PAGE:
The C++ version of JSSLoader analyzed here is from a June 8, 2021 email-based campaign. It sets up “registry run” persistence using a value name of “AppJSSLoader” and has similar style of system information beacon as the later .NET versions:
Figure 7. Example system information (formatted and trimmed for readability) from June 8, 2021 C++ version.
The C++ version also has similar command functionality, though they switched from the “Cmd” prefix of the later .NET versions back to the “Task” prefix seen in the earlier .NET samples:
Figure 8. Commands from June 8, 2021 C++ version.
C&C protocol and command similarity was likely a choice to remain backwards compatible with the existing .NET version’s C&C panel software.
JSSLoader appears to be exclusive to several threat actors. In fact, Proofpoint has only observed two actors using it since the first email campaign in 2019.
Most of the campaigns were attributed to the threat actor tracked by Proofpoint as TA543. They are characterized by their widespread distribution with opportunistic targeting. A typical campaign contains thousands of email messages and targets several hundred organizations. The lures used by TA543 typically focus on invoices and delivery information of packages.
The following sections describe and compare the original campaigns observed by Proofpoint in 2019 to the June 2021 campaigns.
September 2019 Campaign Example
On September 27, 2019 Proofpoint analysts observed a TA543 campaign spoofing Intuit branding. The threat actor used a likely compromised account for an email marketing service to send the malicious emails that purported to be invoices and contained URLs linking to a landing page hosting BlackTDS. The TDS would direct the user to the download another file, a VBS downloader, hosted on SharePoint. The VBS downloader would then download JSSLoader.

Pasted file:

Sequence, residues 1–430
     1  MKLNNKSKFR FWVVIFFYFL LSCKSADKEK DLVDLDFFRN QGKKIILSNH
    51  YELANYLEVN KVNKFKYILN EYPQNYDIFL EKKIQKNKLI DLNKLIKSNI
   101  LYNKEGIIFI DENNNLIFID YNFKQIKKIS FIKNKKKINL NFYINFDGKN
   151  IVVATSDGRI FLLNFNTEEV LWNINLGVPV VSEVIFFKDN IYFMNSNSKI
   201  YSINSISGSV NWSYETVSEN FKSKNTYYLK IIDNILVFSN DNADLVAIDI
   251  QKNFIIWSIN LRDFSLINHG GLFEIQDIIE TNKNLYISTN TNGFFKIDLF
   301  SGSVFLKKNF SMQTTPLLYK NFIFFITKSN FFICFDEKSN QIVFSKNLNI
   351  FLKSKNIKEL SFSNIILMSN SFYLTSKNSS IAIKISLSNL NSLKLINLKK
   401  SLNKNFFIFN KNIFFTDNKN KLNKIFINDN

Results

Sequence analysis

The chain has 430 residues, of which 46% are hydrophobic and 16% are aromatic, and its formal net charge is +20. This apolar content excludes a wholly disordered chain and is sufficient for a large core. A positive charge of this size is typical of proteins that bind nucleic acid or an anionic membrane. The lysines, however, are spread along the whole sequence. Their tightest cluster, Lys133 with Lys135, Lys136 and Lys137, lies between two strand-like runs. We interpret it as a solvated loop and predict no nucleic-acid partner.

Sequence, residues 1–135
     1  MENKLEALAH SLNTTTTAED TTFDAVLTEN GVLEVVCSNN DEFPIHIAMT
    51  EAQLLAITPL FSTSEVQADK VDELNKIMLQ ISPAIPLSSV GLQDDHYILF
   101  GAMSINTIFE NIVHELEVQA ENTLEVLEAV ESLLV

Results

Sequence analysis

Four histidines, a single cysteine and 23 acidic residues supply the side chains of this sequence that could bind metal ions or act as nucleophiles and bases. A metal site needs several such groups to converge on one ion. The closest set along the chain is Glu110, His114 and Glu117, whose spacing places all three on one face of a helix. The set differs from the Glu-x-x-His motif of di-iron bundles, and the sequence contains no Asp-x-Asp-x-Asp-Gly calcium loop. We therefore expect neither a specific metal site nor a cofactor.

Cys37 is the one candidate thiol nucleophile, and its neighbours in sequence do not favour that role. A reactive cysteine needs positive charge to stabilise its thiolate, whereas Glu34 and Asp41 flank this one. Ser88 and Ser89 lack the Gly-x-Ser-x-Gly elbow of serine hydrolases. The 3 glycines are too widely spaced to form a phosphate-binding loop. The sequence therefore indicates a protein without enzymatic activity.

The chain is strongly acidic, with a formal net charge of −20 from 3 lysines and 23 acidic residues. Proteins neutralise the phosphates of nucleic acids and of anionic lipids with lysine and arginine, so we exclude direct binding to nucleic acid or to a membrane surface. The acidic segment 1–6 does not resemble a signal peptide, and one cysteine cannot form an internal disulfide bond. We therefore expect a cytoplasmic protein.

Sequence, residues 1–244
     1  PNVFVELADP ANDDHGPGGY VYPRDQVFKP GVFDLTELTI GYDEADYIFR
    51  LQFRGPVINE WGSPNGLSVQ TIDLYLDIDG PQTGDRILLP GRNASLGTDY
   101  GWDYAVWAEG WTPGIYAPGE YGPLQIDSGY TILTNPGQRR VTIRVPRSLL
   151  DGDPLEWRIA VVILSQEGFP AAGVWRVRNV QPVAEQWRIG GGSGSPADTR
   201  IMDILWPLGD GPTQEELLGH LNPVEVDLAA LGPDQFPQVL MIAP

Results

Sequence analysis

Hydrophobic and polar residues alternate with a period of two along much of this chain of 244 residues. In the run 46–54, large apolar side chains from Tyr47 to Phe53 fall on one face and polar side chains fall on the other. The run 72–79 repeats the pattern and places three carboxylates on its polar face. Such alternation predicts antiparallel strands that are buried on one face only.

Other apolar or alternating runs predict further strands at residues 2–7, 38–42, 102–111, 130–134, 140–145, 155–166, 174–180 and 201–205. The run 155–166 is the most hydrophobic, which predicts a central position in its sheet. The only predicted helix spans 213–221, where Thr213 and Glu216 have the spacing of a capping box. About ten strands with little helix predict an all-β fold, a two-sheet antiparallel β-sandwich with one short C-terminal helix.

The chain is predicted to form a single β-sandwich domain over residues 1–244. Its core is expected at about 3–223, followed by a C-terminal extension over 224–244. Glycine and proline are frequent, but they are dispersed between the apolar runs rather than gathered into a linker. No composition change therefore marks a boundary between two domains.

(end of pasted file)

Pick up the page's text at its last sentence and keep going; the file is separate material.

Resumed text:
During our analysis of JSSLoader, it additionally loaded a Griffon payload which is historically associated with another actor, TA3546, also known as FIN7 or Carbanak. In the following months Proofpoint analysts observed TA543 shift to primarily delivering JSSLoader and/or other loaders that were often observed downloading other TA3546-associated payloads.
Figure 9. TA543 email that leads to the download of JSSLoader.
June 2021 Campaign Example
On June 8, 2021, Proofpoint analysts observed a TA543 campaign spoofing UPS branding (Figure 10). The email contained URLs linking to a Keitaro TDS landing. In turn, the landing linked to the download of a Windows Scripting File (WSF) hosted on SharePoint. If executed, it downloaded an intermediate script, which then downloaded and executed the C++ version of JSSLoader.
Figure 10. TA543 email sample from June 8, 2021, that leads to the download of JSSLoader.
The threat actors behind JSSLoader have continuously made modifications since its debut in 2019 and are likely to continue doing so using the 2021 variant. With the redevelopment of the malware into C++, which was possibly done to evade current detections and make analysis more difficult, Proofpoint researchers have not seen the .NET version in play. Instead, researchers anticipate seeing small refinements being made to the 2021 version in future campaigns, keeping in line with the evolution of the .NET version over the past two years.
Indicators of Compromise
September 27, 2019 JSSLoader Sample
September 27, 2019 JSSLoader C&C
December 14, 2020 JSSLoader sample
December 14, 2020 JSSLoader C&C
June 8, 2021 JSSLoader Sample
June 8, 2021 JSSLoader C&C
2033072 - ET TROJAN FIN7 JSSLoader Variant Activity (POST)
2033074 - ET TROJAN FIN7 JSSLoader Variant Activity (GET)
2838606 - ETPRO TROJAN Win32/jssLoader CnC Activity
2838607 - ETPRO TROJAN Win32/jssLoader CnC Checkin
2842028 - ETPRO TROJAN JSSLoader CnC Host Checkin